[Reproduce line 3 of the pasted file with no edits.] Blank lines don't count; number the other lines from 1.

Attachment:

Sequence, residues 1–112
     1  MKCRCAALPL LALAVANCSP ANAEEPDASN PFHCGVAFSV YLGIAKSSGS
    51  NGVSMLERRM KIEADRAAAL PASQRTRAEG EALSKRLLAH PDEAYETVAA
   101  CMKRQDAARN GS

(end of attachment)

    51  NGVSMLERRM KIEADRAAAL PASQRTRAEG EALSKRLLAH PDEAYETVAA